Remarks by Foreign Minister Sergey Lavrov at a meeting of the Russian Foreign Ministry’s Business Council, Moscow, July 16, 2019
We are holding a regular meeting of the Business Council of the Russian Foreign Ministry. The agenda for today’s meeting includes a wide range of issues on promoting Russia and Russian businesses’ interests in Africa.
The African countries are becoming increasingly influential in international affairs as they actively participate in resolving global political and economic issues. In general, the African continent is asserting itself as an important pillar in the polycentric world order currently in the making. One of the Russian Federation’s foreign policy priorities is developing relations with the African countries and their integration associations.
We are relying on the existing foundation of Russian-African cooperation that is becoming increasingly more solid. We have managed to give significant impetus to the political dialogue and cooperation between our parliaments and civil societies. Positive achievements like these allow us to more actively step up cooperation in trade, economic and investment activities, and to expand cooperation in banking activities and implement mutually beneficial projects.
With this in mind, we have recently organised a number of themed activities. In June, Moscow hosted a shareholder meeting of the African Export-Import Bank, as well as the Russia-Africa Economic Conference, which was timed to coincide with the meeting. In early July, the Russia-Africa Parliamentary Conference was held as part of the International Development of Parliamentarianism Forum, which took place in Moscow. Our relations with many African countries have reached a new level, including in trade and the economy. The first ever Russia-Africa Summit, which will be held in Sochi in October and will be co-chaired by the Russian and Egyptian presidents, is expected to give additional impetus to these processes.
In order to maintain a high level of Russian-African cooperation, we regularly hold meetings of related bilateral inter-governmental commissions, formulate specific proposals and provide political and diplomatic support for projects that involve Russian companies, including many whose representatives are here today.
I am delighted with the dynamics we have achieved in trade. It exceeded $20 billion last year. It may be a modest result compared to Africa’s other partners, but a review of the dynamics of the past few years shows that it is a hugely positive result. It is notable that our list of commodities in which we trade is expanding, and the potential of mutual trade is far from exhausted.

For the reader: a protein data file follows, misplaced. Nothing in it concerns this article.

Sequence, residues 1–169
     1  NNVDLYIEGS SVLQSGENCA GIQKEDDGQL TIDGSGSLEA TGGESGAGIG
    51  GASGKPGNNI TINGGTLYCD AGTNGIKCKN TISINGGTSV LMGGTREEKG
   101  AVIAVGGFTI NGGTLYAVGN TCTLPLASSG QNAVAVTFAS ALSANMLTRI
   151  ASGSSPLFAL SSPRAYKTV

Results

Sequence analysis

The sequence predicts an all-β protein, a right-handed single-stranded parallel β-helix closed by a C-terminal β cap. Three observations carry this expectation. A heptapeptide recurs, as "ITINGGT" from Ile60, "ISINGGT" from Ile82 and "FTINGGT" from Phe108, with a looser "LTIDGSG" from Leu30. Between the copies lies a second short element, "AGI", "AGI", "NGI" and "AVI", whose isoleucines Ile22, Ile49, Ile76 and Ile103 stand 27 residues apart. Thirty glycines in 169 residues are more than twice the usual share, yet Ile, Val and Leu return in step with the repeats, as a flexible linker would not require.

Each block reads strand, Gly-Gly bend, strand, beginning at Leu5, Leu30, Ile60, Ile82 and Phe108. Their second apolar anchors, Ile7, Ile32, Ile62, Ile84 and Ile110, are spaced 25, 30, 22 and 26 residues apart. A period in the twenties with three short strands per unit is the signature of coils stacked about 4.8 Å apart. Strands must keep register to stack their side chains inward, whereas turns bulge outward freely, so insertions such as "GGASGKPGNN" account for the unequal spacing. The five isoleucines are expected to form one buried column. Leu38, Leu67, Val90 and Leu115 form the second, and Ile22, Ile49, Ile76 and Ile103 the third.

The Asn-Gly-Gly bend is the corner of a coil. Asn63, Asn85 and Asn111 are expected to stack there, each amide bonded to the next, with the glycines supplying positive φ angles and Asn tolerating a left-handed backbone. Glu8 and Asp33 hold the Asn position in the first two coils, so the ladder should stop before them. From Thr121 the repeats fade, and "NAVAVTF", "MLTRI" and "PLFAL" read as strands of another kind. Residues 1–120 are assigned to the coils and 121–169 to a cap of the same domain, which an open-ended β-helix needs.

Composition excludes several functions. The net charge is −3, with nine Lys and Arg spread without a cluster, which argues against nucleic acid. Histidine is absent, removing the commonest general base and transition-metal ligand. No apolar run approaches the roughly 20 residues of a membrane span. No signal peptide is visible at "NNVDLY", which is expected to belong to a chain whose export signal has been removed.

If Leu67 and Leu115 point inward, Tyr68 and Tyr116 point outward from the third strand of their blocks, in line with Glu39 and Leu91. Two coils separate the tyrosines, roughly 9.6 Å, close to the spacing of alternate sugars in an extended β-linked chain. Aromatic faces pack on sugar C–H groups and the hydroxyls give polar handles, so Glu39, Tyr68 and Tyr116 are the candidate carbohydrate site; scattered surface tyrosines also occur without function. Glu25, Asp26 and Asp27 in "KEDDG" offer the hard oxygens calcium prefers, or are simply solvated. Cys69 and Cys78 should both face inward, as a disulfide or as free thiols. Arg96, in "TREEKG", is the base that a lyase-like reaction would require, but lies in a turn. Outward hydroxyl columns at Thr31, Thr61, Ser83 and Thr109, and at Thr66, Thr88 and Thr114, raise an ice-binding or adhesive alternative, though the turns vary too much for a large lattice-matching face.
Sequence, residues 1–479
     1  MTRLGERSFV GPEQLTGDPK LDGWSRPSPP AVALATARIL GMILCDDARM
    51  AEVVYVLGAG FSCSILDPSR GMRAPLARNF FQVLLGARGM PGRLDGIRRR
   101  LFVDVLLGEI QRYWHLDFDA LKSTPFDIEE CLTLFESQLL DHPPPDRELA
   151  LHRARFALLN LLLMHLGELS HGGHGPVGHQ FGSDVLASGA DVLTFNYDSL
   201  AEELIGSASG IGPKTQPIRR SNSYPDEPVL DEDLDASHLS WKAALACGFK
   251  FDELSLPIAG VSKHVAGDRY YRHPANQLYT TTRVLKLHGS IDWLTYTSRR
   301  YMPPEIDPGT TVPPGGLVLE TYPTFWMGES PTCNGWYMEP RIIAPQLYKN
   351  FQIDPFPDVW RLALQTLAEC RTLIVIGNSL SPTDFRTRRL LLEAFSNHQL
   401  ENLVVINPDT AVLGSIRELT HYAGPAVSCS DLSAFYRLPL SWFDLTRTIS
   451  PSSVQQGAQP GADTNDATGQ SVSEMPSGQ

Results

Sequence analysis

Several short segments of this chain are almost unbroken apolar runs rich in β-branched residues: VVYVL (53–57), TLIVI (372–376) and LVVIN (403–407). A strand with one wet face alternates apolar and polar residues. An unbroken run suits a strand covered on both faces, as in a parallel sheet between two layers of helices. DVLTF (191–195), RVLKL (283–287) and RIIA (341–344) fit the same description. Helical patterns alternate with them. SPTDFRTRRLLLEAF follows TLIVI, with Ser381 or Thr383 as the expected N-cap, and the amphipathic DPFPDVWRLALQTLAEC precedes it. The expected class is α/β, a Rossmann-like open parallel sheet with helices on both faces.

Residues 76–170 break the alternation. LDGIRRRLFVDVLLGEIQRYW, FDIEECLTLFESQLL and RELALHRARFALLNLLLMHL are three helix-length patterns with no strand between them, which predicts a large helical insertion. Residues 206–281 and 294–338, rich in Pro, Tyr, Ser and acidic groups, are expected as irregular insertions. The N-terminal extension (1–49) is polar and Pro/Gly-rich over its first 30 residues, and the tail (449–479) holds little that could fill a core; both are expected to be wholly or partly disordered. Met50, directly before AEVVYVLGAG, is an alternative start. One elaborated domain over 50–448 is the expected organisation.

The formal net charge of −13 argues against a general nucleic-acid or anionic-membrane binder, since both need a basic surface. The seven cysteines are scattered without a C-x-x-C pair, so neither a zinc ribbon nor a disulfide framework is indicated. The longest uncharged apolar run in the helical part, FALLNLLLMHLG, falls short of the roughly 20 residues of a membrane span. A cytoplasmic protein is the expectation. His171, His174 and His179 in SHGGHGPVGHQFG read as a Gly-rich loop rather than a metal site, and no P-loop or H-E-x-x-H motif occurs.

You can see that Rosneft, Gazprom, Alrosa, Lukoil, Rosgeo, Vi Holding, Renova and other Russian major companies have been working successfully in Africa.
We have ambitious plans, and we must make additional efforts to implement them. Today we would like to discuss the possibility of enhancing the effectiveness of Russian-African intergovernmental commissions. It might be reasonable to look at the experience of China, where companies receive state guarantees and subsidies, which allows them to operate consistently and on a long-term basis. We also consider it necessary to assess the possibility of attracting small and medium-sized businesses to Africa. So far, they account for a minor part of our collaboration.
The Russian Foreign Ministry will continue to provide all-round support for these projects. Our African friends have spoken up for closer interaction with Russia and would welcome our companies on their markets. However, much in this sphere depends on the reciprocity of Russian businesses and their readiness to show initiative and ingenuity, as well as to offer quality goods and services.
Our African friends’ expectations of cooperation with Russia are an advantage in our favour. In a large degree, this attitude of our partners is based on their memory of our contribution to their struggle for decolonisation, against apartheid and for freedom and independence, as well as our contribution to the development of the new national states and their economies and defences.
Today our African partners can see that Russia has a constructive political and economic agenda in Africa. We have provided practical assistance to the settlement of their socioeconomic problems and have offered them trade preferences and tariff and tax relief. We also make considerable donations to the African aid programmes of various international organisations, primarily within the framework of the UN.
It should be said that we have to operate in Africa in the context of increasing competition from many foreign players. Many of them look at the possible improvement of our relations with Africa with an ill-disguised dislike. Our rivals do not sit on their hands but are energetically expanding cooperation with African countries, at the same time trying to limit or restrict their favourable cooperation with Russia and using openly unscrupulous methods in many cases.
Our discussion today is extremely important. We will exchange opinions on current developments, map out ways to promote economic cooperation with Africa, as well as discuss the most attractive avenues of cooperation and methods to increase the benefits from our joint work. I suggest that we also discuss the current state and possible development of the legal framework of Russian-African relations in trade, the economy and investments.
The Russian Foreign Ministry needs this so as to be able to provide maximally effective support to the initiatives advocated by Russian businesses. We also expect to hear the expert opinion of the economic officials from the Russian Government, as well as the leading Russian companies and business associations.